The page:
Vitalie Gorincioi: Ban imposed by Russia on import of Moldovan fruit and vegetables is a political game

The ban imposed by Russia on Moldovan fruit and vegetables is not something of a novelty and is a political game of Moscow, said the president of “Moldova-Fruct” Association of Fruit Producers and Exporters Vitalie Gorincioi. According to him, the Moldovan fruit producers can sell their merchandise on other markets. The ban imposed by Russia affects only the consumers in the Russian Federation as these limitations push the prices on the domestic market there up, IPN reports.

The ban imposed by Russia on the import of Moldovan fruit and vegetables took effect on December 4. Russia’s Rosselkhoznadzor argued that dangerous insects, such as Grapholita molesta, Frankliniella occidentalis, Bactrocera dorsalis and others, which are banned in the countries of the Eurasian Economic Union, were found in Moldovan products.

“For ten years since I have managed “Moldova-Fruct”, I have heard about bans imposed by Russia for about ten times. We are naïve and, instead of dealing with our own businesses, we wait for them to change their mind. Last year, we invited those from Rosselkhoznadzor, constituted a working group together with the NFSA and those who were accused of delivering fruit that didn’t meet the standards. It ultimately turned out that those put on the list didn’t even export plums. Let’s think in a logical way. There are no pests on the left side of the Nistru, but there are pests on the right side. In Gagauzia, there are no pests, while in Cahul there are pests. It’s clear that these are political games,” the head of “Moldova-Fruct” Association Vitalie Gorincioi stated in the program “Reflection Points” on Vocea Basarabiei channel.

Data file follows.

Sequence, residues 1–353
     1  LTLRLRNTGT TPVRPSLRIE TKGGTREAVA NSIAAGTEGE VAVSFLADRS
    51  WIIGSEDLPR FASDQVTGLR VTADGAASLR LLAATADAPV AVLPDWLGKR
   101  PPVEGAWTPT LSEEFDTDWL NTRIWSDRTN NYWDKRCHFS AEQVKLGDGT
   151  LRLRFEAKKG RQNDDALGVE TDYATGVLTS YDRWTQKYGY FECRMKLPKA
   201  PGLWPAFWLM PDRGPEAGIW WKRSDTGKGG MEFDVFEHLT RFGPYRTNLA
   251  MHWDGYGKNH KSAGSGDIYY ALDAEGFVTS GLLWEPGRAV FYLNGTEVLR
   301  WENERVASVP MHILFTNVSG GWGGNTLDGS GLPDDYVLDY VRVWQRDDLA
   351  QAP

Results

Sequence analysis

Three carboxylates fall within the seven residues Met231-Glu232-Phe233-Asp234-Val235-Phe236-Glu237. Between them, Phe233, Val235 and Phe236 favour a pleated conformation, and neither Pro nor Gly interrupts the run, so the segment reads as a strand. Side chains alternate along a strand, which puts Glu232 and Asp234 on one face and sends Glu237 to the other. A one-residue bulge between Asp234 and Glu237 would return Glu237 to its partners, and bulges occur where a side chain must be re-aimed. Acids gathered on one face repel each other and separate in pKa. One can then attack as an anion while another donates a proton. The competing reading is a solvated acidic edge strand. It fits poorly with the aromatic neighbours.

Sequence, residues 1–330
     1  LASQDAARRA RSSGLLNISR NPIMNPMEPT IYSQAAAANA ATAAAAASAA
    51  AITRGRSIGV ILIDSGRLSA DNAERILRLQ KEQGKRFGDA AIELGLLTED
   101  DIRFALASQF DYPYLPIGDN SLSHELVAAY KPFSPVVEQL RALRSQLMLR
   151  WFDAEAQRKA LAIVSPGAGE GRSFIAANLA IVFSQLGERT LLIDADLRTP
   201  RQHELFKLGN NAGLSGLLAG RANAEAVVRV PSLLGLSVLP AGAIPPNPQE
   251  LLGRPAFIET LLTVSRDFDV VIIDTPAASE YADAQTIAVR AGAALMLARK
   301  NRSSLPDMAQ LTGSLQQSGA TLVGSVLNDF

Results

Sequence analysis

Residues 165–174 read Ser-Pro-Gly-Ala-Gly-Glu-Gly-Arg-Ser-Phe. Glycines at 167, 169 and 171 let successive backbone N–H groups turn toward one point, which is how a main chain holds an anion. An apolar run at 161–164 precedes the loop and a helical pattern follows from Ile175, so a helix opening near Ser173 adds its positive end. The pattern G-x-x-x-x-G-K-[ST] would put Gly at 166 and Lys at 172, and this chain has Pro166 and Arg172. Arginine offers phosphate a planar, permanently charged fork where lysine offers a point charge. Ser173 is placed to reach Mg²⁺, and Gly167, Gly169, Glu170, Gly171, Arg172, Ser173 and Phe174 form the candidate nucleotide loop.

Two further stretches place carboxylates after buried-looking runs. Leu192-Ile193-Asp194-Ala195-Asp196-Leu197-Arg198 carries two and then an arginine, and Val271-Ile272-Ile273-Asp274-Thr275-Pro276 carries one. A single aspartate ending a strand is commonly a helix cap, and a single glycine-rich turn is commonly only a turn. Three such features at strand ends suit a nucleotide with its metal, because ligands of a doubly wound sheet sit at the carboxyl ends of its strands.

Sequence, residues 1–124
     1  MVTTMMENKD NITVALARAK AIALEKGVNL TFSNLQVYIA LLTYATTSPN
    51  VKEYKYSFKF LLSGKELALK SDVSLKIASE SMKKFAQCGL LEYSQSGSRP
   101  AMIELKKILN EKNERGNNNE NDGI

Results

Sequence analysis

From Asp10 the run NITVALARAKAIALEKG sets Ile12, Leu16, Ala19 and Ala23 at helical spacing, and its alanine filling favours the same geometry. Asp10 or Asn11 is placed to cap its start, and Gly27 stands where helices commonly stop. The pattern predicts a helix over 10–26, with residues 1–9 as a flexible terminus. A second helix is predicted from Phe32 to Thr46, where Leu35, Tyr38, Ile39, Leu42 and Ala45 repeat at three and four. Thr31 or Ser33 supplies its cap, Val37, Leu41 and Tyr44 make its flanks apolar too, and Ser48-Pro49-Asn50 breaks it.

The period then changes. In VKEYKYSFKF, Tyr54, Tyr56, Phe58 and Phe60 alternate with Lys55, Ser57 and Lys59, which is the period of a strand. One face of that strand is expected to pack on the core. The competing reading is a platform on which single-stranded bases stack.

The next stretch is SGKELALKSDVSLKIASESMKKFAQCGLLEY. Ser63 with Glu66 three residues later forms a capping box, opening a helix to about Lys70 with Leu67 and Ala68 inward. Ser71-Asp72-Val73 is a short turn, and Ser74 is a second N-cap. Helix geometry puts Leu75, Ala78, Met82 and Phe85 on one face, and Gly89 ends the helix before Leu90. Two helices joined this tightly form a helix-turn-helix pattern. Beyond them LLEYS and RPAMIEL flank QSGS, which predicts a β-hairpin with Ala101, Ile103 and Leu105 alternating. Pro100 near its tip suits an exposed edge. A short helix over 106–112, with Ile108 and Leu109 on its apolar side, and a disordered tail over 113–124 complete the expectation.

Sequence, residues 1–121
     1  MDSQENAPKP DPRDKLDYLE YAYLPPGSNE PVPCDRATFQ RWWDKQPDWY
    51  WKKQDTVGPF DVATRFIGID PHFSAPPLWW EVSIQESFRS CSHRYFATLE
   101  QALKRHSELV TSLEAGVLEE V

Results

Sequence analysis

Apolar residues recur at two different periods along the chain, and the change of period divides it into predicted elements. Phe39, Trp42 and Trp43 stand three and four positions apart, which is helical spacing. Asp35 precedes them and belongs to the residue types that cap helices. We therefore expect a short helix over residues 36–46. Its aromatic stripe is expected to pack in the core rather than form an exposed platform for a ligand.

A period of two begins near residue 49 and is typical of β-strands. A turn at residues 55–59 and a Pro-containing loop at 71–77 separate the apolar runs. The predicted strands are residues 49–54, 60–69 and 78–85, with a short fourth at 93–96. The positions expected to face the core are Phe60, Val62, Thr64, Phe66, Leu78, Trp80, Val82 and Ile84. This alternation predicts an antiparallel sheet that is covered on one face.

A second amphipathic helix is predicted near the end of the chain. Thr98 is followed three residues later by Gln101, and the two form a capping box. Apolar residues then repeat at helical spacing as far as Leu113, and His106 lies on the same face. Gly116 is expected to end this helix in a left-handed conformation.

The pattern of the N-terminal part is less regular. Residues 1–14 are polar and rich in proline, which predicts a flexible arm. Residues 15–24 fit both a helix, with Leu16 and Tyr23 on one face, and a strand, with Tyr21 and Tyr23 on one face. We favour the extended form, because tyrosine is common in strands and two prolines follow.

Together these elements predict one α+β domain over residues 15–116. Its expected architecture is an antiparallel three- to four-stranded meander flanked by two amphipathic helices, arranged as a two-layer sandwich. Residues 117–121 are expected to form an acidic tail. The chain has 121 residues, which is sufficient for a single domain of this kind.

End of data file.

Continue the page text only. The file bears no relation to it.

According to him, most of the members of the Association of Fruit Producers and Exporters “Moldova-Fruct” reoriented their exports to the EU and the bans imposed by Russia affect only the consumers in this country.

“The discussions and negotiations should be held with state institutions, with the NFSA, with the Ministry of Agriculture, not with political parties. There are political leaders who compile the list of producers that are banned from exporting. It is a shame for such a big country like Russia to resort to such methods. We will sell the fruit to those who want to eat them and who pay money. In Russia, it is the consumer who is primarily affected. Russia also grows apples and their producers are now raising the prices,” stated Vitalie Gorincioi.

The National Food Safety Agency (NFSA) reacted, saying that “the Moldovan fruit and vegetables are exported to over 80 countries and the quantities of plums and apples exported to European countries have been doubled this year. No countries, except Russia, notified of particular violations. The Russian authorities’ decision runs counter to the international phytosanitary principles and is not based on any real reason.”

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